Posted by: thebluemusicblog | April 7, 2014



The National Council of YMCAs of Korea was established in the midst of a very painful and difficult period of the modern history of the country, as Korea was occupied by the Japanese Empire. 9 student YMCAs and 1 city YMCA came together to form what was a very young National Council.




This week 64 international guests were invited to come to Korea to celebrate the 100 years anniversary together with a big group of local leaders and dignitaries, of whom the Mayor of Seoul took the first place, and second place was taken by the Prime Minister, who at the last moment was caught up by parliamentary responsibilities so that he could not be with us physically, but the Prime Minister had taken time to produce a congratulatory video film and he really joined the Mayor of Seoul in prising the Korean YMCA for its important role in the nation building of modern Korea. YMCA of Korea during its 100 years history has been one of the most important players in establishing civic society in this country, and both the Mayor and the Prime Minister belonged to the network of civic leaders from decades back, in very difficult times when YMCA was one of the few places where a political prisoner being released from prison could find shelter.


Leaders from political life as well as from University life and from the cultural sphere lined up to say thank you to the YMCA. Did I feel proud to be in the middle of this YMCA?

Again and again I am overtaken by pride when I have the privilege of witnessing the impact of our great YMCA movement in different parts of our planet. See above the big crowd assembled to celebrate a very young 100 years birthday kid!


The President of Korea YMCA is Dr AHN, Jae Woong, and he led us through the celebrations and ceremonies with elegant style and excellent form. Everything went according to schedule, seldom have I experienced a YMCA so clockwork and punctual, and still so warm, friendly and generous.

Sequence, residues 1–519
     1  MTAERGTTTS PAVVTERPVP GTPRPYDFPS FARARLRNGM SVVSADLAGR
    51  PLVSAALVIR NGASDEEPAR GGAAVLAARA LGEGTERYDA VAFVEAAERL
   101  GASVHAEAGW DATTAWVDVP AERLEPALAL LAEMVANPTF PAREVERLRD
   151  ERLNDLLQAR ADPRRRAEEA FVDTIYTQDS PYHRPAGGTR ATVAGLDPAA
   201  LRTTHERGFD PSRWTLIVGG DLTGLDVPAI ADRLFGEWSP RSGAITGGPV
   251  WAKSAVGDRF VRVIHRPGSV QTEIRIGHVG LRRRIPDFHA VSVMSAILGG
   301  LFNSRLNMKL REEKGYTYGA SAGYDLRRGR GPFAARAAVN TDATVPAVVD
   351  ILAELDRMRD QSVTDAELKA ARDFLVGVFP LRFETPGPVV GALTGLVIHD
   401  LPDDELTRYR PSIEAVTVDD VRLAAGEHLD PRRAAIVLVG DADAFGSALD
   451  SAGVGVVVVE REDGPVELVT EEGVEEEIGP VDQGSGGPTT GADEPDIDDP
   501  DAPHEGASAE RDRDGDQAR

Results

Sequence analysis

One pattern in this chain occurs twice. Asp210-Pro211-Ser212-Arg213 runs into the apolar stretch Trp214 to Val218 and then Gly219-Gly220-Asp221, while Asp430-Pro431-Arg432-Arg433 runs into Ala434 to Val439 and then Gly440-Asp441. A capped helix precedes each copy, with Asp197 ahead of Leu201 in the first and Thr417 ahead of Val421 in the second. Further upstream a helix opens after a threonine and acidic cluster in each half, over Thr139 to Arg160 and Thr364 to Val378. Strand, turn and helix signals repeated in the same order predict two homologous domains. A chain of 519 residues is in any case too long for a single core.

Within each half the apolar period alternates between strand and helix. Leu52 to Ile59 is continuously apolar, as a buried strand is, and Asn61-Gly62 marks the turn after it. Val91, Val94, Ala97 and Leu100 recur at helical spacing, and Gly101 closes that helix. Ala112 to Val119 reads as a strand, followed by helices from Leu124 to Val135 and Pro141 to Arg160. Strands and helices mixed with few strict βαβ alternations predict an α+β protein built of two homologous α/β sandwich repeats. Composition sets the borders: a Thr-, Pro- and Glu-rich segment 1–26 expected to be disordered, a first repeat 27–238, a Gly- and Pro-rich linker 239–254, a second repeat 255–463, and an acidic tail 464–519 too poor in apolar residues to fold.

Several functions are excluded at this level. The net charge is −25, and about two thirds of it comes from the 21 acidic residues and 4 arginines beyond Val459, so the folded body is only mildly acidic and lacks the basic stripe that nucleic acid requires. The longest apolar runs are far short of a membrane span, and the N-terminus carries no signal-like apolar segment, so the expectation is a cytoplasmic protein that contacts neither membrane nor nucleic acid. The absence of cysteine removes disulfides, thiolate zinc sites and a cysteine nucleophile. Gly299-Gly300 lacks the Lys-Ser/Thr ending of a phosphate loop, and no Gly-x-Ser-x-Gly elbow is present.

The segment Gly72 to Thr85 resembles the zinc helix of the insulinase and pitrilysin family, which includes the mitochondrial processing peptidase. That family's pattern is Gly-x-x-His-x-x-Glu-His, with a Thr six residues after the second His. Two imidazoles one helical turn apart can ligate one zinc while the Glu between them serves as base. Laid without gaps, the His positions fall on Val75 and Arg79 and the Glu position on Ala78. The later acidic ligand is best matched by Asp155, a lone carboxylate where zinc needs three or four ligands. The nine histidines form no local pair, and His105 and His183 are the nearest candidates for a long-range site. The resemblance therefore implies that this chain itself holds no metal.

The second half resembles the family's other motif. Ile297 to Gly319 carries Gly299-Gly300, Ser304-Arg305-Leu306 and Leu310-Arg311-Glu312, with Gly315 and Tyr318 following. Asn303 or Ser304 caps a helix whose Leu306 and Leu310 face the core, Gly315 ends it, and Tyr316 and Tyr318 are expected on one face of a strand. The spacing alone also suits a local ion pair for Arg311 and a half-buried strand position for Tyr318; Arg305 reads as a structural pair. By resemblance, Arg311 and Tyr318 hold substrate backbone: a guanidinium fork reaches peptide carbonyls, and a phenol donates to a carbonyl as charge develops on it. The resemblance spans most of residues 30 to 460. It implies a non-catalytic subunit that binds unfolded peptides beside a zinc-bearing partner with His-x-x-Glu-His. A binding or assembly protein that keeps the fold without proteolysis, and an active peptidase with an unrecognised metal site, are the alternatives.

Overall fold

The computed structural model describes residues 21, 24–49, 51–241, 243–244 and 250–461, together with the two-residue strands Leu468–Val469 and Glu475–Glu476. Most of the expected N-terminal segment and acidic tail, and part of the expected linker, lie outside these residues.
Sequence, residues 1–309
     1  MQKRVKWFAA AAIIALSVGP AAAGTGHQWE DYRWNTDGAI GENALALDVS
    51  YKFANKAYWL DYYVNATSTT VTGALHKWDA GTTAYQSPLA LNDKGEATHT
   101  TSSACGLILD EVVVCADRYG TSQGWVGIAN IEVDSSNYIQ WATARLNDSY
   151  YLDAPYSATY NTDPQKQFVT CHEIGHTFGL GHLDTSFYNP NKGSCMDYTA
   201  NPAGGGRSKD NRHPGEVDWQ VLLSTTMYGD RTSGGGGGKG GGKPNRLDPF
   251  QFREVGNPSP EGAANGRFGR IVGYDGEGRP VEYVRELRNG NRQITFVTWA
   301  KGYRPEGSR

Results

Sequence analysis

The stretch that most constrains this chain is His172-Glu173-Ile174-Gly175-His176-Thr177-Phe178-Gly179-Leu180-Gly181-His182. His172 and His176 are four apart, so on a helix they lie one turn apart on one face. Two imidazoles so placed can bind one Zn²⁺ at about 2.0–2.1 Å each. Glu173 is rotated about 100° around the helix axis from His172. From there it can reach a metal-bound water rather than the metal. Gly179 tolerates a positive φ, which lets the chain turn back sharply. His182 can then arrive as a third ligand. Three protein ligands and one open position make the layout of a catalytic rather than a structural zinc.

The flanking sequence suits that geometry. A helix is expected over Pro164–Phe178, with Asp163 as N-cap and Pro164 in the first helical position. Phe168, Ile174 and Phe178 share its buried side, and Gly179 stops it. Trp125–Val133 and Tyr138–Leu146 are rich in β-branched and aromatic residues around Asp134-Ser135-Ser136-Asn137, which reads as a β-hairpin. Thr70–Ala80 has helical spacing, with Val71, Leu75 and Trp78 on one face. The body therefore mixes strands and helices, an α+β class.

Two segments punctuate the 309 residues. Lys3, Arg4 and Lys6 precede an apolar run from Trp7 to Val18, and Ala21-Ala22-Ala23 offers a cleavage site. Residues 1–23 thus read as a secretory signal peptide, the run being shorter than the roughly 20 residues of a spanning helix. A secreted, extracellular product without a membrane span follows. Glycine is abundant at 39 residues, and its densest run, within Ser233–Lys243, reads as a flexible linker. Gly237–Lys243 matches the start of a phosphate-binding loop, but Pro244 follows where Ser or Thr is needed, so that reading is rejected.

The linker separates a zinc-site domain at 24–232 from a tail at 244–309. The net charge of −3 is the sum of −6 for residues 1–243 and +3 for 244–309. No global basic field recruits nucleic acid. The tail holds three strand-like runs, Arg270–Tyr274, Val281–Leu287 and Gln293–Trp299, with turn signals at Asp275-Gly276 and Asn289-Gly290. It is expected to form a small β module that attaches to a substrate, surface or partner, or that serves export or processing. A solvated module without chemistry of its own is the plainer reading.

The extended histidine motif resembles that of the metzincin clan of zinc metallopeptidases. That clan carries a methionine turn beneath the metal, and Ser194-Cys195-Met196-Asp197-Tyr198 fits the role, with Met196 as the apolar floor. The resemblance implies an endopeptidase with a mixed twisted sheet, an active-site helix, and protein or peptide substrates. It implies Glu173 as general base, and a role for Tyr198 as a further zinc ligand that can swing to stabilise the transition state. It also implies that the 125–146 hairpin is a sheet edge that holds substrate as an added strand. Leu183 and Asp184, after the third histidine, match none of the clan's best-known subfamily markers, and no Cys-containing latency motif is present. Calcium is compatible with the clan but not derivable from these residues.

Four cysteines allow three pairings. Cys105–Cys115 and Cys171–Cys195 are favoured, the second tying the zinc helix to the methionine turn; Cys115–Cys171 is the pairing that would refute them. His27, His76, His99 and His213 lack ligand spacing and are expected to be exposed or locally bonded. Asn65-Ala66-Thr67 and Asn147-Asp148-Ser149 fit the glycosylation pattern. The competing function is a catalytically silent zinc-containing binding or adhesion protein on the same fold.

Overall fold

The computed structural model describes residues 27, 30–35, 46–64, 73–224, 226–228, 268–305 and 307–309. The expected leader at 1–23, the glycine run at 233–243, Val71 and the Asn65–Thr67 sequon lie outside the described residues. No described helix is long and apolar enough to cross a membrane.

NAM, Boo-Won, or as we, his friends from around the world call him: Number One! Nam is the National General Secretary of Korea YMCA and he had masterminded the programme and was the grey eminence behind the very successful week of celebrations.



Friends from all over the world came to bring greetings, and here you see James Ekow Rhule, the President of African Alliance of YMCAs, as he is greeting the YMCA of Korea and handing over an African Panther, as a symbol of power and wisdom. (This reminded me of a very fun memory from years back when I was attending an African Executive Committee in Kenya, and Carlos Sanvee was about to give a speech and was introduced as “our Black Panther!” After him I was to give a speech, and I started that speech by introducing myself as “Your Pink Panther!” No modesty!




David Kwang-Sun SUH, was the President of World Alliance from 1994-98 and is still very active in Korea YMCA and I heard that he is invited as a resource person for the APAY Advanced Studies in November this year, to lecture about contemporary theological challenges. David is now the third former President of WAY I have met in a few months, and if I add Martin Vogler and Martin Meissner and Ken Colloton to Allesandro Vassilakis from Peru and KM Phillip from India, I have enjoyed to socialise with 6 Presidents and learnt a lot in the process.


Korea YMCA was founded by Missionaries from the USA, and from the outset very closely linked with the Methodist Church from those days. The International Committee of the YMCAs of North America, based in New York in the days of John R. Mott, was instrumental in the formation and support of the local YMCA. Jack Lunds, CEO in New York YMCA gave greetings on behalf of these historical roots. Jack was just a very young man in John R. Motts time.